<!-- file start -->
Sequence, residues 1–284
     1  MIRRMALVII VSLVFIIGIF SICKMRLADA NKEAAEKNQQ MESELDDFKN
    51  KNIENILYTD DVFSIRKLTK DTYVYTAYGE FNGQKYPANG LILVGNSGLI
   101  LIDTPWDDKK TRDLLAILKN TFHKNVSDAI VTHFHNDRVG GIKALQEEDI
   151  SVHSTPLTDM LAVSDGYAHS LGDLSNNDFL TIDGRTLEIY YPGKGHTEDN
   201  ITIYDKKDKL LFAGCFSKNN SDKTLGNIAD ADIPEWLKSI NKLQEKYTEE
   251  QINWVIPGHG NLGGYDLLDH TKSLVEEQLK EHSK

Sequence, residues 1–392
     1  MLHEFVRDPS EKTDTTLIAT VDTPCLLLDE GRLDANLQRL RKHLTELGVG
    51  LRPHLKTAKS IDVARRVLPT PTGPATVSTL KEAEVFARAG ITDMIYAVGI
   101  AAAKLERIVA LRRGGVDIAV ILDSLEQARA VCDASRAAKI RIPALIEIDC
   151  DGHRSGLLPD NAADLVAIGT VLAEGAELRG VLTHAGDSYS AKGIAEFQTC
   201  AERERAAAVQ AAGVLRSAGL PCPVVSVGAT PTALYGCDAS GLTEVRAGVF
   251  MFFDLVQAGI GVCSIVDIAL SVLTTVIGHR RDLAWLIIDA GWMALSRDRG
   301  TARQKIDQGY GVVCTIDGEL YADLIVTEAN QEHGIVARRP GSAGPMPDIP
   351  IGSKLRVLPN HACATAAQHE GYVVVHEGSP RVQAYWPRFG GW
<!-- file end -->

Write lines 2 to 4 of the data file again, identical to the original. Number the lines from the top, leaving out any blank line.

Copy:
     1  MIRRMALVII VSLVFIIGIF SICKMRLADA NKEAAEKNQQ MESELDDFKN
    51  KNIENILYTD DVFSIRKLTK DTYVYTAYGE FNGQKYPANG LILVGNSGLI
   101  LIDTPWDDKK TRDLLAILKN TFHKNVSDAI VTHFHNDRVG GIKALQEEDI